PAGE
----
We try to get plenty of food, because we believe in abundance around here, but the food is all gone in 30 minutes or so. Even so, after it’s gone people are still sitting at tables, laughing and story-telling, their bellies full of comfort food and happy for the chance to be in a safe place where they can linger.

Some people start cleaning up tables, and some begin to drift upstairs for church. Others drift outside to smoke, and some slip away without saying goodbye, peopled out with all the stimulation. I am envious of that last group, but I can’t rest yet, because I have to run upstairs to preach at our little worship service – but I will tell you what that is like another time.

* * *

Every Wednesday at 11:30, we have a community lunch in the basement of the building we share with Trinity United Methodist Church, followed by a small worship service in the sanctuary upstairs.

If you would like to eat or worship with us, please come on by! If you want to help us by providing food, please email my coworker Laura and y’all can work out the details. If you want to make a donation to help us offset the cost of providing the meals, you can do that hereIMG_20160615_115301.


Jasmin Says Goodbye


With a tender heart, I’d like to announce that my formal, professional time with the Love Wins’ community is coming to a close. With the demands of two young children at home, one of them with special needs, I’ve found that they both need more of my full-time attention. As I step away from this work, I’m sure my children will happily reoccupy a large chunk of my time. My family is also planning an out-of-town move, so the time, as they say, is ripe.

But for as long as we’re still living in Raleigh, I hope to remain a part of the community, whether that be through Wednesday lunch and worship, or just popping in to say hello to who I now consider to be my extended family.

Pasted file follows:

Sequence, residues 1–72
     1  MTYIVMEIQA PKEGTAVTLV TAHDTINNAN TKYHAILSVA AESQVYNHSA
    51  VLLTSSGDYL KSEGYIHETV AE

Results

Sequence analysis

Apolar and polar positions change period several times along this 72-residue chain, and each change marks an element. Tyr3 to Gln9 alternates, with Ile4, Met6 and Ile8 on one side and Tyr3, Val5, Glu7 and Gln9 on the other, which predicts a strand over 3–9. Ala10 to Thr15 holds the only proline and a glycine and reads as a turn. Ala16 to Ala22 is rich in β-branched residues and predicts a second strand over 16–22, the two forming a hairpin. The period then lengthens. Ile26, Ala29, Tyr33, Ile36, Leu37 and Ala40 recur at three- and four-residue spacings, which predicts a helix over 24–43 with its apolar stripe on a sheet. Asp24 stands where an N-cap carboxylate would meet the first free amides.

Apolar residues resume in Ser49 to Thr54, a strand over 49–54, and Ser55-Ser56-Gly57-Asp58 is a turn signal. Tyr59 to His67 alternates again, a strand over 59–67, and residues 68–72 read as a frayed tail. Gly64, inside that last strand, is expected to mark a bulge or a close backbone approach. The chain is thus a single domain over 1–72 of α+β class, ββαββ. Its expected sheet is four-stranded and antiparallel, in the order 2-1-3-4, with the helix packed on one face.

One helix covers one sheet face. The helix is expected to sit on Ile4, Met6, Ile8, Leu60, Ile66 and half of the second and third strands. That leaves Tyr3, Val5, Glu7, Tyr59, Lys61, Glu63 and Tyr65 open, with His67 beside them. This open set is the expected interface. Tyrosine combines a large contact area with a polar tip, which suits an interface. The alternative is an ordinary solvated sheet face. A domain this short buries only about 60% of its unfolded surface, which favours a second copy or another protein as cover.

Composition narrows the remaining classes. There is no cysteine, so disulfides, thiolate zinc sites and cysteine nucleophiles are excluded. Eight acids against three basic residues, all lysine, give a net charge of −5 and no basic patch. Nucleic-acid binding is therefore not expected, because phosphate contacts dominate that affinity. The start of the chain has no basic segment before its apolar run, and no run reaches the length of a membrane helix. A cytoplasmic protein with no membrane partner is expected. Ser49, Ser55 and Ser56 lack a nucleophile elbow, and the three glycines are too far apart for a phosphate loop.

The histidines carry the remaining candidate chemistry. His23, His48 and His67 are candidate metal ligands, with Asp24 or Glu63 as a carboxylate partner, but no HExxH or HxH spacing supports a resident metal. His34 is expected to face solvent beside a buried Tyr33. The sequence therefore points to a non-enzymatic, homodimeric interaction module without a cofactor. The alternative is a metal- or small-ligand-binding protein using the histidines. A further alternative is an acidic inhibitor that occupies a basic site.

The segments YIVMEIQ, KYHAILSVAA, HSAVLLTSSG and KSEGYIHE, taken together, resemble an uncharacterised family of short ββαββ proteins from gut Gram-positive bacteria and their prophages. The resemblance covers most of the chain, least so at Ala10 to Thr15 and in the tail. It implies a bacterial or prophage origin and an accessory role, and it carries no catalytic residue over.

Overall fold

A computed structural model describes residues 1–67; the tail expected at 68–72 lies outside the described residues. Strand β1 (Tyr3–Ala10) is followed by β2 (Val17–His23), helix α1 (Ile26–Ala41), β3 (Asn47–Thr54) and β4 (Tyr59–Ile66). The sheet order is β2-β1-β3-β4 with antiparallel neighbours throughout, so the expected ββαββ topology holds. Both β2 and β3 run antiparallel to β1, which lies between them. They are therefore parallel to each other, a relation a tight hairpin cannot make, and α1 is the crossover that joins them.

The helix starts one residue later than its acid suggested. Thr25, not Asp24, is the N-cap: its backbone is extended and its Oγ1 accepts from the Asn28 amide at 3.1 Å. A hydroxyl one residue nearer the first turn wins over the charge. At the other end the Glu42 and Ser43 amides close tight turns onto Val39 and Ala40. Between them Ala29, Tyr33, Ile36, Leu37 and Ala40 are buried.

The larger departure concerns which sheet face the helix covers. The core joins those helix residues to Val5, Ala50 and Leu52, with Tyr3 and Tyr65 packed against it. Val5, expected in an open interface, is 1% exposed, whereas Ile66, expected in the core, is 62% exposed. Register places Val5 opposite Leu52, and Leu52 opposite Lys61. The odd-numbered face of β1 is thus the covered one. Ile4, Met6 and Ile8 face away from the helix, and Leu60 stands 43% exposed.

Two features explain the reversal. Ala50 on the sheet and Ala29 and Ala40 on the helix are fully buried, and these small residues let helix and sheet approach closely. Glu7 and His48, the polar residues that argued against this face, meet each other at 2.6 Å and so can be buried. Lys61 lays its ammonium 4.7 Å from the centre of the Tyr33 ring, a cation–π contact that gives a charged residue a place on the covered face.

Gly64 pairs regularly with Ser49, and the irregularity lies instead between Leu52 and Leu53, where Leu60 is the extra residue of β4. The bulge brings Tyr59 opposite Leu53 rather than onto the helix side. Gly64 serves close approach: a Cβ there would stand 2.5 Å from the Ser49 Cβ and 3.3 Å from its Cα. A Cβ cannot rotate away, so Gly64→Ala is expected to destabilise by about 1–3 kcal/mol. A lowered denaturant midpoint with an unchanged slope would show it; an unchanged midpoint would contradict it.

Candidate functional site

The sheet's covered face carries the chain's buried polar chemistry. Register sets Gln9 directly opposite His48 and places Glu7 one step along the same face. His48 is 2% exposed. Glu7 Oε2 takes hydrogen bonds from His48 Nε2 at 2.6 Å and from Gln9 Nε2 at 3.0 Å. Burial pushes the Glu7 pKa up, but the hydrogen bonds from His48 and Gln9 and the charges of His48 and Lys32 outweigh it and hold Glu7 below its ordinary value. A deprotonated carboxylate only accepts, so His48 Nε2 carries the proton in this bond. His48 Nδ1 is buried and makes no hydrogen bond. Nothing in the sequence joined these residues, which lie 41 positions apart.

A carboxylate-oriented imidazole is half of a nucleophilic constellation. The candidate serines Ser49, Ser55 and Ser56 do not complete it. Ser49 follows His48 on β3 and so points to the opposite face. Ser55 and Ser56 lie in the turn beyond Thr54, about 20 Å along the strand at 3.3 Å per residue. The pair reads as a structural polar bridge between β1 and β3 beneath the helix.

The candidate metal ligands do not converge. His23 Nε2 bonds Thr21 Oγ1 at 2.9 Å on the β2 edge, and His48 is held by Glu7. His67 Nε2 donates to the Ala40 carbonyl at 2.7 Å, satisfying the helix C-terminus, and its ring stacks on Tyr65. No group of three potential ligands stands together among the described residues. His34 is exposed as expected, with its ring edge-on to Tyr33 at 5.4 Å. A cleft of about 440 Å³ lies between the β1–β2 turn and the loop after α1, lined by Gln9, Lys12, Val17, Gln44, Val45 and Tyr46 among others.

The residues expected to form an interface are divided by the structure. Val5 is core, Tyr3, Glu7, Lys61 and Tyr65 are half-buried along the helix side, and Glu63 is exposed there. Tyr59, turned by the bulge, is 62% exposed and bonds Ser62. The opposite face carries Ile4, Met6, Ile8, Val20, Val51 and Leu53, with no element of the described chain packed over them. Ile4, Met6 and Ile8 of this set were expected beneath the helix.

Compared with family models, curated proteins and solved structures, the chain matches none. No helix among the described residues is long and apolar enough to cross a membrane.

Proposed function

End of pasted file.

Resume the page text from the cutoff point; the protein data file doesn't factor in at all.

There are so many moments I will never forget, so many people that are etched into my heart. Sometimes I was wrung dry, especially in the wintertime, when I hoped and prayed and hoped some more that we would not lose someone to the cold. Sometimes, I was overcome with joy, especially when I was privileged enough to witness or be the beneficiary of the incredible generosity of this community. And most of the time (see: every day), even if I initially didn’t feel like it, someone made me laugh.

We’ve said that the Community Engagement Center is a place of hospitality for people experiencing homelessness. It could also be said, that it’s a place of hospitality for people experiencing human-ness.

In other words, it’s a place for everyone.

Since it seems as if there are so few, truly safe and welcoming spaces for people of differing races, economic classes, sexual orientations, or religions (the list could go on), the unique experience of being a part of this community has given me such hope. I’ve caught glimpses of what a more beautiful world could look like. I’ve caught glimpses of love in action. I’ve caught glimpses of God.